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Setting up provisioning environments for Windows, Linux, ESX, and ESXi servers

Before you can perform unattended installations of operating systems on servers, you must set up all the functional components of the BMC Server Automation provisioning system. Generally, you need to perform these tasks only once unless you are changing the configuration of your provisioning system. The following topics describe how to set up provisioning environments for Windows, Linux, ESX, and ESXi servers. 


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Set up a data store

To provision operating systems on bare metal computers using the Preboot Execution Environment (PXE), you create a data store directory on a Windows or Linux server. Then you share the data store directory. 
2Configure the data store for PXE provisioning

Configuring the data store sets required values for accessing the data sources for provisioning.

In particular, you define the location of the data store, which is where you store sets of installation files that are used for provisioning operating systems. Data store values are stored in the Data Store system object, which you can edit by using the Property Dictionary.

3Stock the data store

After you set up a data store server, you must stock it with operating system installation files and drivers. 

A data store holds several categories of information:

  • Operating system installers necessary for provisioning a server.
  • Files needed to support Microsoft Windows plug-and-play drivers.
  • Files and other information needed to install BMC Server Automation RSCD agents after the operating system is installed.
4Create boot image files and placeholders

To provision Microsoft Windows and Linux machines, you must create boot image files specific to BMC Server Automation. The system contains placeholders for these files.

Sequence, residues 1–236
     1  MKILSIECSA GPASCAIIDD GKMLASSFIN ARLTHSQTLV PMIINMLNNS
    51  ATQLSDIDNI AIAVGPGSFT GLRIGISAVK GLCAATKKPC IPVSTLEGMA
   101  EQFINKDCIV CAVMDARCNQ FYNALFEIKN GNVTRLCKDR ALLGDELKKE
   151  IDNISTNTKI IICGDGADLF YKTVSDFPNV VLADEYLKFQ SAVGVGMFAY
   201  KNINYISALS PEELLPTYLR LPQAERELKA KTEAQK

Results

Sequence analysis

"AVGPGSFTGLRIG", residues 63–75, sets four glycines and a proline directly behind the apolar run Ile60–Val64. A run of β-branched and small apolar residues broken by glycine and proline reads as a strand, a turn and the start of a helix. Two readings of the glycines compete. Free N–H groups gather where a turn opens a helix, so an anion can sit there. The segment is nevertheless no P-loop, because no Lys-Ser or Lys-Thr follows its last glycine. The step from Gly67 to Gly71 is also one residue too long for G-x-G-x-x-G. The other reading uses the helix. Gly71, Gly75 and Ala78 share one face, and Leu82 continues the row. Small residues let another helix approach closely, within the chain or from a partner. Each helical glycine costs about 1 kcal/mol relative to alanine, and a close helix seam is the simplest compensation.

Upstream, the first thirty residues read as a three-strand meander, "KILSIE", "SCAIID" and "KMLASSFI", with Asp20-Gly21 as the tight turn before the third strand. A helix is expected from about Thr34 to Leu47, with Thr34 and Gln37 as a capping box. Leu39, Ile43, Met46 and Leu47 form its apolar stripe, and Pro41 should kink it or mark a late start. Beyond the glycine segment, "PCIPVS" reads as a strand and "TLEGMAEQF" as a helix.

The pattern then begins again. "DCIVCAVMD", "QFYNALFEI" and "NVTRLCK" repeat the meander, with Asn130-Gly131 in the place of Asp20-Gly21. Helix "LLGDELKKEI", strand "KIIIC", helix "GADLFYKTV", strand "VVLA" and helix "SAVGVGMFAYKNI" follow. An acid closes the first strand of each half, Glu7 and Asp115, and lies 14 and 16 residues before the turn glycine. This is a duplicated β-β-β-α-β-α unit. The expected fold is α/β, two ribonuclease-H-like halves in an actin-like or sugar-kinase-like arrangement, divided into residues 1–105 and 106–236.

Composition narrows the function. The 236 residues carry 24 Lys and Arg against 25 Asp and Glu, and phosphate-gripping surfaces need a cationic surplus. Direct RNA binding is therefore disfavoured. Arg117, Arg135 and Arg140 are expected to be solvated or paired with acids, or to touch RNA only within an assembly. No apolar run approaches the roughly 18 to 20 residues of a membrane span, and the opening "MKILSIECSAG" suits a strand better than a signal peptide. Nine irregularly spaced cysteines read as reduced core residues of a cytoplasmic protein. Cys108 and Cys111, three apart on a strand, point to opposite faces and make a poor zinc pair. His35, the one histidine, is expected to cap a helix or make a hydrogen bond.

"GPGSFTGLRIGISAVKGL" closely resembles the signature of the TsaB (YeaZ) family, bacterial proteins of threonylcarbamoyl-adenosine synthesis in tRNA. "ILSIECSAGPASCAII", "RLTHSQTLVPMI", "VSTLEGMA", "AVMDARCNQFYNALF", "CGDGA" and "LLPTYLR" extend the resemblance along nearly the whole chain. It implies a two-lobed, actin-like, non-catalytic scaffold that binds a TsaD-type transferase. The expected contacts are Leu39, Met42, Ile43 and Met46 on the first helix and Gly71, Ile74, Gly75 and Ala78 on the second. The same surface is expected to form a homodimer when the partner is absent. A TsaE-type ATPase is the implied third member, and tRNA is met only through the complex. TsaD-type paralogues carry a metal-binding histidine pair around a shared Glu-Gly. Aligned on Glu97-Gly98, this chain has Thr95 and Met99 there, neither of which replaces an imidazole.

The type of boot image file you create depends on the types of machines you plan to provision.

5Configure boot image files

For provisioning in the PXE environment, you must create boot image files specifically for use with BMC Server Automation provisioning. You can review and change configuration settings for each image file type.

When provisioning a device, the provisioning process uses an image that contains, among other things, device-specific network drivers that interact with the hardware and retrieve configuration information (such as the MAC address) for the device.

To prepare for Windows and Linux provisioning, create the appropriate WinPE or Gentoo Linux images that contain generic network drivers that work for most hardware types. 


Configure a DHCP server on Windows

Configure a DHCP server on Linux  

The BMC Server Automation provisioning process requires a DHCP server, which gives the computer being provisioned an IP address and (in a single-database environment) the location of the Application Server. 

 The instructions for configuring the DHCP server vary depending on the platform (Microsoft Windows or Linux).

7Configure the PXE and TFTP servers

You can configure or reconfigure the PXE and TFTP servers using the PXE/TFTP Server Configuration tool or from the BMC Server Automation console. 

  •  Configuring the PXE Server enables the BMC Server Automation system to communicate with a target server during provisioning in the PXE environment. 
  • Configuring the TFTP Server enables the BMC Server Automation system to download the bootstrap program needed to initiate the PXE provisioning process. 
8Configure system package types for Windows and Linux

The System Package Types tab lists the available system package types and lets you edit their definitions or create your own custom system package type.
9Create a system package for Windows and Linux

To perform an unattended installation of an operating system, you must create a system package for each server configuration that you want to install. 
 Linux Provisioning FlowchartThis BMC Contributor topic provides a flowchart that outlines the tasks involved in provisioning Linux servers.

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